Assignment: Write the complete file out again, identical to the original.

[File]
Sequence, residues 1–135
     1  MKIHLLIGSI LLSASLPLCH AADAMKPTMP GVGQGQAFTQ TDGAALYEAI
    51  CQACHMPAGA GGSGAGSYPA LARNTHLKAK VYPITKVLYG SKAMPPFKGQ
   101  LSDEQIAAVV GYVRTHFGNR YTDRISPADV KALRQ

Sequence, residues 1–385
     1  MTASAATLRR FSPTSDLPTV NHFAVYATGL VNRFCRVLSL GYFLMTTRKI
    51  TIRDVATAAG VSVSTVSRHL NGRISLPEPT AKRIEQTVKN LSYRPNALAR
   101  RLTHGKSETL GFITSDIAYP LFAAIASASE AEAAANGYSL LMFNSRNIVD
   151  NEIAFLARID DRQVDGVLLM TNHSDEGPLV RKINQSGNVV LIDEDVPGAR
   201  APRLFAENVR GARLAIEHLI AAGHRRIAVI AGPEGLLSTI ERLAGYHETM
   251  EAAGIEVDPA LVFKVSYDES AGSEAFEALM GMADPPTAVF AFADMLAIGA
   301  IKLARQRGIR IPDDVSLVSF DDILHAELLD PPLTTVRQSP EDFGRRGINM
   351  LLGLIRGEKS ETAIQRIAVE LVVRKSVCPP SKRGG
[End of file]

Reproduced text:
Sequence, residues 1–135
     1  MKIHLLIGSI LLSASLPLCH AADAMKPTMP GVGQGQAFTQ TDGAALYEAI
    51  CQACHMPAGA GGSGAGSYPA LARNTHLKAK VYPITKVLYG SKAMPPFKGQ
   101  LSDEQIAAVV GYVRTHFGNR YTDRISPADV KALRQ

Sequence, residues 1–385
     1  MTASAATLRR FSPTSDLPTV NHFAVYATGL VNRFCRVLSL GYFLMTTRKI
    51  TIRDVATAAG VSVSTVSRHL NGRISLPEPT AKRIEQTVKN LSYRPNALAR
   101  RLTHGKSETL GFITSDIAYP LFAAIASASE AEAAANGYSL LMFNSRNIVD
   151  NEIAFLARID DRQVDGVLLM TNHSDEGPLV RKINQSGNVV LIDEDVPGAR
   201  APRLFAENVR GARLAIEHLI AAGHRRIAVI AGPEGLLSTI ERLAGYHETM
   251  EAAGIEVDPA LVFKVSYDES AGSEAFEALM GMADPPTAVF AFADMLAIGA
   301  IKLARQRGIR IPDDVSLVSF DDILHAELLD PPLTTVRQSP EDFGRRGINM
   351  LLGLIRGEKS ETAIQRIAVE LVVRKSVCPP SKRGG